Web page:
ANN ARBOR, MI — Oral pre-exposure prophylaxis (PrEP) for human immunodeficiency virus (HIV) gained Food and Drug Administration approval in 2012, and many commentators hailed the therapy as a “once-in-a-generation” advance.
HOUSTON — After a decade of dramatically rising rates of hepatocellular carcinoma (HCC) among veterans, aggressive treatment of hepatitis C infections (HCV) appears poised to turn the tide.
WASHINGTON — Karen Guice assumed duties last month as the DoD acting assistant secretary for health affairs with the retirement of Jonathan Woodson, MD, who stepped down at the end of April.
WASHINGTON — In an effort to ensure that military emergency medicine and trauma specialists are able to maintain their skills off the battlefield, a proposed program would establish a Joint Trauma Education and Training Directorate.
DURHAM, NC ‑- How does colorectal cancer incidence and survival at the VA compare with the National Cancer Institute’s Surveillance, Epidemiology and End Results (SEER) data?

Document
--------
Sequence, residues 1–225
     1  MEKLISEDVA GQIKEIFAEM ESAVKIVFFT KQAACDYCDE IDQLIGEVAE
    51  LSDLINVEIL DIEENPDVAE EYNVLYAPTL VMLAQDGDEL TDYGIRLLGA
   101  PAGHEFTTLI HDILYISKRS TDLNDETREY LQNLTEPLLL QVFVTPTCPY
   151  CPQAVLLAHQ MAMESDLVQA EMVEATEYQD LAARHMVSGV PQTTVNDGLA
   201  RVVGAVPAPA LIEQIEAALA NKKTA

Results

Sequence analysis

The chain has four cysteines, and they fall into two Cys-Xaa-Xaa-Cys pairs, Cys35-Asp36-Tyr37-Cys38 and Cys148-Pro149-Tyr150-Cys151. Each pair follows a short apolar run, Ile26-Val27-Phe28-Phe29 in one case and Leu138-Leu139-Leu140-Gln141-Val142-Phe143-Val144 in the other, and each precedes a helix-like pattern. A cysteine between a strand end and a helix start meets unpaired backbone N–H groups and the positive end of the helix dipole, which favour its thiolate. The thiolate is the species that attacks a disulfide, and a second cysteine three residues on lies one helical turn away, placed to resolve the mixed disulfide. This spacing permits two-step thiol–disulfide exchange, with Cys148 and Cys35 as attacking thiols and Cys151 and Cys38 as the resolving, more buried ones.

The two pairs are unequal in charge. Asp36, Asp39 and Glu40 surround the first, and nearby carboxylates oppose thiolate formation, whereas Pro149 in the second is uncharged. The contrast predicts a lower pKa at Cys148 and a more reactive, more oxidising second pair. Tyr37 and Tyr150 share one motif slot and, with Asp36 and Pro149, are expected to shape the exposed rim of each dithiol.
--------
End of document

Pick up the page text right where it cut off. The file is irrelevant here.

LEBANON, NH — Colorectal-cancer incidence among U.S. adults 50 or older has dropped by almost 40% since 1975 and by more than 45% since its peak in the mid-1980s.
PHILADELPHIA — Parkinson’s disease patients prescribed antipsychotics are significantly more likely to die in the short-term, according to a new veterans study.
TAMPA, FL — It was the churches and sidewalks that did it. The James Haley VAMC in Tampa used them to coax Steven Scott, DO, the center’s current chief of physical medicine and rehabilitation, away from his position at the Mayo Clinic in 1990.
The Institute of Medicine (IOM) changed the classification of three medical conditions in its last congressionally-ordered review of the evidence of health problems associated with exposure to Agent Orange and other herbicides during the Vietnam War.